AFL-CIO Secretary Treasurer Richard Trumka on MSNBC said (as Logan reported earlier) they will not back anything that doesn't have a public option.

AFL-CIO Secretary Treasurer Richard Trumka told the press that this means the 11 million member-strong labor organization “won’t support the bill if it doesn’t have the public option in it.” Today, Trumka appeared on MSNBC and explained to Norah O’Donnell that the inclusion of these three elements marks the difference between “coming up with a bill that you have reform and actually having health insurance reform.”

The president is supposed to speak at a labor day function in Cincy to the AFL-CIO so I wonder what he'll say.

And mcjoan has more:

So the Baucus debacle now seems dead, reconciliation for healthcare reform more likely than ever, and the Dems' slipping poll numbers arguing for bolder, conclusive action--for change we can believe in. All this leads to an interesting situation for Obama and Congress, as Greg point out:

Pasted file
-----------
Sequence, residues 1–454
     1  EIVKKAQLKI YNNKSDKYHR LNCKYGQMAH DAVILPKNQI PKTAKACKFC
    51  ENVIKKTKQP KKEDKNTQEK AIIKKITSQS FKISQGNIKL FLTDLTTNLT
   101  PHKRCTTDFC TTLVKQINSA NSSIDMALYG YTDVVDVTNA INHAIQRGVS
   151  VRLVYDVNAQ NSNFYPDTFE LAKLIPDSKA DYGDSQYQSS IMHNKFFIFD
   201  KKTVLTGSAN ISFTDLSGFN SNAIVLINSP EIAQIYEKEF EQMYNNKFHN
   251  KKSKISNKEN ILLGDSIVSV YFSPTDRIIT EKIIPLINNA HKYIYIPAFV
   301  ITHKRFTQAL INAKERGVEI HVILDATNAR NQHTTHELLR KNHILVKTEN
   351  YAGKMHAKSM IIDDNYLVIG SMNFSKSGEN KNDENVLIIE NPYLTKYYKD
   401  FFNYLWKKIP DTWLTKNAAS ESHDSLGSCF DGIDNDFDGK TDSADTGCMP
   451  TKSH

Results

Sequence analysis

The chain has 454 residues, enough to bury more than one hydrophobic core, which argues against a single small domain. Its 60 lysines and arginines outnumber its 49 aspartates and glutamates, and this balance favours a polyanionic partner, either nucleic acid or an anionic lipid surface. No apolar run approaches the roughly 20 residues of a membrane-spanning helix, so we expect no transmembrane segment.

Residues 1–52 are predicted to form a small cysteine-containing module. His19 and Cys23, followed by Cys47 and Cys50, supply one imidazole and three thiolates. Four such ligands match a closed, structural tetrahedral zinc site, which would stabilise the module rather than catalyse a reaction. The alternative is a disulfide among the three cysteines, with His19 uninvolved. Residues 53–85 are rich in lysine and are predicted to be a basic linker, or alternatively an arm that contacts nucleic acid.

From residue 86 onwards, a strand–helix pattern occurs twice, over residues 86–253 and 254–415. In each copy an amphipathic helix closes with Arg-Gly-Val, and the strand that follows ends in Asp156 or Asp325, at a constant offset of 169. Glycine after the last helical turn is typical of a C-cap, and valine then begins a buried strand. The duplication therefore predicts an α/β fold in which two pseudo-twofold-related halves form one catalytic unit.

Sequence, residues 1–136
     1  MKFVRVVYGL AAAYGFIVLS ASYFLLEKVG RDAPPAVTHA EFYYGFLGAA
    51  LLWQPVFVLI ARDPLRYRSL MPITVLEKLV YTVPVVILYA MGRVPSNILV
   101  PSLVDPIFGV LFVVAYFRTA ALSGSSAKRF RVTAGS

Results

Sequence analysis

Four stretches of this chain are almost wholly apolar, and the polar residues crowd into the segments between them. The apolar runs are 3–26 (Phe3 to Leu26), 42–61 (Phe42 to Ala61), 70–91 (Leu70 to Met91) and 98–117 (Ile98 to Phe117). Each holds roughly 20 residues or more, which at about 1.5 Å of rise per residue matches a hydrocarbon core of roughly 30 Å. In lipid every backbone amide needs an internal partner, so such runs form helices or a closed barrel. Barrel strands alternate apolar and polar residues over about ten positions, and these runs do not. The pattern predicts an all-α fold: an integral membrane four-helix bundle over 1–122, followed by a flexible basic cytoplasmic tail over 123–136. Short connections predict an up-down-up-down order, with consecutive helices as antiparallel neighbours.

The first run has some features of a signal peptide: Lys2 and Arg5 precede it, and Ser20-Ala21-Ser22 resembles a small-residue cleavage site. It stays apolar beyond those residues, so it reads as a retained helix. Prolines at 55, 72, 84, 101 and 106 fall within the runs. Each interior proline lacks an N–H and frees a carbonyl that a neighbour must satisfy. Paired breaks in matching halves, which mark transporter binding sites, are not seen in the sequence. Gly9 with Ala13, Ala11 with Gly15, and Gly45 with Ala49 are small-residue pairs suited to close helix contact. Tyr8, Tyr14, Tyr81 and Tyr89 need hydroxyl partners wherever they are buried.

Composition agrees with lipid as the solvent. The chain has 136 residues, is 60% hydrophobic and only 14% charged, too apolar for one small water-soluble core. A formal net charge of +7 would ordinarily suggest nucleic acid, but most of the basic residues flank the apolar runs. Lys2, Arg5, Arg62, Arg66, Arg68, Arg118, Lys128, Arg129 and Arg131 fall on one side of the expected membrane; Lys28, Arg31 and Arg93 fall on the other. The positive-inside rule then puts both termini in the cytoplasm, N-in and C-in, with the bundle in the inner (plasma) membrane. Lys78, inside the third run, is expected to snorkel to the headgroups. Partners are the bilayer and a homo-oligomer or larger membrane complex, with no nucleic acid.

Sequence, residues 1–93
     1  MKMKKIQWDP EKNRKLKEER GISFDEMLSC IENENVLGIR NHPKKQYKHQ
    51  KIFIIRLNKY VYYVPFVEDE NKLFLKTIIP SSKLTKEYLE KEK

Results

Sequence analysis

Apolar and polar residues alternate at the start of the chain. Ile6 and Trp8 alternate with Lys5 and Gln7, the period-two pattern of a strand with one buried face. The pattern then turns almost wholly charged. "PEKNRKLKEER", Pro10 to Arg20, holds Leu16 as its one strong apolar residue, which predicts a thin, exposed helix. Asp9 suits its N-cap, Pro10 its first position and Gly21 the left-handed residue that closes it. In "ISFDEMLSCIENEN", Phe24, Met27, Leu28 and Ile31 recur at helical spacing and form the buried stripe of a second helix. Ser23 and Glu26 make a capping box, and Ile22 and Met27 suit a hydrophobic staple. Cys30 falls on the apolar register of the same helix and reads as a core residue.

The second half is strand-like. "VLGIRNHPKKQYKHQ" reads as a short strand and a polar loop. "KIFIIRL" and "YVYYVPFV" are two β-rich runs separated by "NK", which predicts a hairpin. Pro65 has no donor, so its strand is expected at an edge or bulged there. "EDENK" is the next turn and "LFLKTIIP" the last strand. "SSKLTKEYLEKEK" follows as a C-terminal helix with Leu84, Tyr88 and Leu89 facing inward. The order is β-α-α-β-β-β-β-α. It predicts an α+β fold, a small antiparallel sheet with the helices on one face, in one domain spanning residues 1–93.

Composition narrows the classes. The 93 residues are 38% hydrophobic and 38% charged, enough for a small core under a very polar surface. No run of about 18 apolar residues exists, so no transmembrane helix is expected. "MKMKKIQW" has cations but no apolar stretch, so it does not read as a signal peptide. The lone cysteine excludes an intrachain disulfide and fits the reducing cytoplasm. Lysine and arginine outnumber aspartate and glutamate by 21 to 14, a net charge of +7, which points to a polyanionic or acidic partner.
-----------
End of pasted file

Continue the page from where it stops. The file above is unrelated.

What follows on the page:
Interestingly, this has created a built-in tension: While Senate Dems have more control over whether health care succeeds, the stakes are higher for House Dems. It’s a tougher cycle for the House, aides say, meaning they’d likely face bigger losses if Senate Dems can’t resolve their impasse with Republicans or if they don’t opt for reconciliation to get reform done.

Either way, if they look hard enough, liberals can locate something of a silver lining in all the bad news: It ups the pressure on Congressional Dems not just to do health care this year, but do it right.

Everything points to the need to "do it right." Let's hope that realization filters up to the White House, too, before Obama negotiates himself out of good options.

dday writes: How To Lose The Presidency In Four Years